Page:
4-20mA Converter Question

Thread Starter

scubasteve_911

Joined Dec 27, 2007
1,203
Hello everyone!,

I have a pressure transducer that I need to interface with a 0-3.3V ADC. The output of the sensor is the typical 4-20mA.

I have seen Maxim's appnote http://pdfserv.maxim-ic.com/en/an/AN823.pdf , which converts 4-20mA to 0-5V. This is done by a current shunt, with an appropriate gain, then a subtraction for the 4mA offset via a reference. This is a 'high-side' scheme, which requires the opamps common-mode input voltage to be high, thus necessitating high common-mode rejection.

My question is, why not use low-side current sensing? You can use much better opamps (lower offset, offset tempco, noise, cmrr, etc.). Is there some industrial reason for this?, like detecting faults or something?

I want to get as much precision as possible with the circuit, since it is a one-off prototype and money isn't too much of an issue.

Thanks!

Steve
 

Thread Starter

scubasteve_911

Joined Dec 27, 2007
1,203
Okay, but I am not looking for a pre-packaged solution. I'm looking to see what the reasons were why people typically do not employ low-side current sensing. Thanks for the link though, I was unaware that there are completely integrated solutions.

Steve
 

SgtWookie

Joined Jul 17, 2007
22,210
Hey Steve,
I thought 4-20 was used for digital signalling. I'm unaware of 4-20 devices that may respond in an analog way. I don't claim to be experienced in 4-20 circuits, but have done a fair amount of reading up on them.

Your initial post suggested to me that you believe the output of the sensor is linear in response. I just don't see that happening on a 4-20 device; it's a logic 1, a logic 0, or an error.

But I really don't have enough information. It would help a great deal to know what device you are considering.
 

Thread Starter

scubasteve_911

Joined Dec 27, 2007
1,203
Wookie,

4-20mA can actually be used for digital communications and Analog circuitry. Good old Wikipedia says:

Analog
Analog current loops are used where a device must be monitored or controlled remotely over a pair of conductors. Only one current level can be present at any time.

4-20 mA ("four to twenty milliamp current loop"), also referred to as "process current", is an analog electrical transmission standard for industrial instrumentation and communication. The signal is a current loop where 4 mA represents zero percent signal and 20 mA represents the one hundred percent signal.[1] A "mA" is a milliampere, or 1/1000 of an ampere.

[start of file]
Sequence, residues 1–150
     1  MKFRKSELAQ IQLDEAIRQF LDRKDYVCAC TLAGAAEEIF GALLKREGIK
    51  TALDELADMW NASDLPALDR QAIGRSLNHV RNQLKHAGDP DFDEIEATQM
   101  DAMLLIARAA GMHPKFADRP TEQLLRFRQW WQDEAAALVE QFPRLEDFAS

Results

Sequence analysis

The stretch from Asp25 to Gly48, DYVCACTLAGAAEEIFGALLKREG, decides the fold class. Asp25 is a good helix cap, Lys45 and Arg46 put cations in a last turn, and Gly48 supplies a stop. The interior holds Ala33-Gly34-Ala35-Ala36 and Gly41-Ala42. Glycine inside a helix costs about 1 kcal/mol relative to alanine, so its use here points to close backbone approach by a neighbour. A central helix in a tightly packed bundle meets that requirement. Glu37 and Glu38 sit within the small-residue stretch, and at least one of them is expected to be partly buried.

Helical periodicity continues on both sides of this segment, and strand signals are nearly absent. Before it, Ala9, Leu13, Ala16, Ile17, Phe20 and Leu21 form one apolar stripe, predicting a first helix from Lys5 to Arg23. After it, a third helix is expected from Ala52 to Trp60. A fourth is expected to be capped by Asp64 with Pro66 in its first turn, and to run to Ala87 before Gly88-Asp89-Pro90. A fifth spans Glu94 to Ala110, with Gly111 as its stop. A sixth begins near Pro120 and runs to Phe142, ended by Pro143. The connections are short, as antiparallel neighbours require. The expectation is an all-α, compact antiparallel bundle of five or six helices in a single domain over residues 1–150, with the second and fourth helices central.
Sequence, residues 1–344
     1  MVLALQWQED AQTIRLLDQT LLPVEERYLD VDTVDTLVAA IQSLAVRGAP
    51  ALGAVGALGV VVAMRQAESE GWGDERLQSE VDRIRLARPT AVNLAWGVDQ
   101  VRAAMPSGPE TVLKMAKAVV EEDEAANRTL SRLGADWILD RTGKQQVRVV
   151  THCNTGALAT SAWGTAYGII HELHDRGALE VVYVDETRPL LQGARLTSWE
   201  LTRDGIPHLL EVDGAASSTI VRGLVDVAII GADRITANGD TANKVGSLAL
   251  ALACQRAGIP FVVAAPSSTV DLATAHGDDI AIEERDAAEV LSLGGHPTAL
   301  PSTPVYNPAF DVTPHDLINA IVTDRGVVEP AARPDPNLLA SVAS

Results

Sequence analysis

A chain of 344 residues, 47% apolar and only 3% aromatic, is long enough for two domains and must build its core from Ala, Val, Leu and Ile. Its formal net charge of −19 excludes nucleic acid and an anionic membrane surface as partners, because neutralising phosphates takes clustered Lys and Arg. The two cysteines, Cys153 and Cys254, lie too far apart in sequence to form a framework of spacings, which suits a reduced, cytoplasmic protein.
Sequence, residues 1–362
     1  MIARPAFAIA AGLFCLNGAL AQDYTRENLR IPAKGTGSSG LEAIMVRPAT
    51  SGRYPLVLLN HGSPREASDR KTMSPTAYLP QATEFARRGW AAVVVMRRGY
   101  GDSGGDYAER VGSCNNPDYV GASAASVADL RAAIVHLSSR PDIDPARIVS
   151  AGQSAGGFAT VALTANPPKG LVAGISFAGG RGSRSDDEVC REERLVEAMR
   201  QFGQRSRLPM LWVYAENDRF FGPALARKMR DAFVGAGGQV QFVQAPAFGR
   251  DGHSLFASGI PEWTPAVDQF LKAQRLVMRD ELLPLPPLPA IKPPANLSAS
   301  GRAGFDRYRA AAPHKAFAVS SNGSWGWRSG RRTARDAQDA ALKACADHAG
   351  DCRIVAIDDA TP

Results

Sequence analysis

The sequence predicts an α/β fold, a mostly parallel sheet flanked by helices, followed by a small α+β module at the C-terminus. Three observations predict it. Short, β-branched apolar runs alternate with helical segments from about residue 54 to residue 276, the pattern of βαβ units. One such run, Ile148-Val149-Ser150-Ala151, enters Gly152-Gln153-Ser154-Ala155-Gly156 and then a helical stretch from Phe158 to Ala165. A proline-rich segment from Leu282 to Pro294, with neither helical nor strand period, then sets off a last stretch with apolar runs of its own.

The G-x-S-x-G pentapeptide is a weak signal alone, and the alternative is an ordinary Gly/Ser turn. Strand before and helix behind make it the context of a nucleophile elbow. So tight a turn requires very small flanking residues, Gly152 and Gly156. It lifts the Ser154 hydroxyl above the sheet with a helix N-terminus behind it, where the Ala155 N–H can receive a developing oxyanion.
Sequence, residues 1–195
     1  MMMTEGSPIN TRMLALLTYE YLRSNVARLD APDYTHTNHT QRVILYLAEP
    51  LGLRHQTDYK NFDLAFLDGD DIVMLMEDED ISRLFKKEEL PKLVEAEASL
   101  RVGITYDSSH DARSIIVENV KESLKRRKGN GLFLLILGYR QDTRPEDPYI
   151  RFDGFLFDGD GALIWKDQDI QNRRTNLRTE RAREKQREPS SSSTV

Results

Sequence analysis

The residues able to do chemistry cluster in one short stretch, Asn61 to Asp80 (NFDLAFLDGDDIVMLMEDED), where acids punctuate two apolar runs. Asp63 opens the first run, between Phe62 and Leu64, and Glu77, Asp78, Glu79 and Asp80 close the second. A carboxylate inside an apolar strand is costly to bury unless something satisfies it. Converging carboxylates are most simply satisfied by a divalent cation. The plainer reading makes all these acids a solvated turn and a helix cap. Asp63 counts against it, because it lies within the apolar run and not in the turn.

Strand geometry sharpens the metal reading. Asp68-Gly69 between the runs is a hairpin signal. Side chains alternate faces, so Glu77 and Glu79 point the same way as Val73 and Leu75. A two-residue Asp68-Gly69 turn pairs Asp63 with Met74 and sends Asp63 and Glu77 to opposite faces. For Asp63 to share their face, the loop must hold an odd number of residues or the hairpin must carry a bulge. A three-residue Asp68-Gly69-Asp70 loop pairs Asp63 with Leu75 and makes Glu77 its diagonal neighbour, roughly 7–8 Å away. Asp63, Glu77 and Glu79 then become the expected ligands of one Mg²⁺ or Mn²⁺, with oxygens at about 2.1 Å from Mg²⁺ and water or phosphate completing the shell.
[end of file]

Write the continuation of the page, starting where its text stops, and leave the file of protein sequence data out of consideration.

The "live zero" at 4 mA allows the receiving instrumentation to distinguish between a zero signal and a broken wire or a dead instrument.[1] The feature also allows low-power instruments to be directly powered from the loop, saving the cost of extra wires. The 4-20 mA standard was developed in the 1950s and is still widely used in industry today. Benefits of the 4-20 mA convention are that it is widely used by many manufacturers, relatively low-cost to implement, and it can reject many forms of electrical noise. The inherent noise rejection of 4-20 mA allows it to be used where the transducer is located far from the measuring instrument. Cable lengths of 50 meters or more are common.

Given its analog nature, current loops are easier to understand and debug than more complicated digital fieldbuses, requiring only a handheld digital voltmeter in most situations. Using fieldbuses and solving related problems usually requires much more education and understanding than required by simple current loop systems.

Additional digital communication to the device can be added to current loop using HART Protocol. Digital process buses such as FOUNDATION Fieldbus and Profibus may replace analog current loops.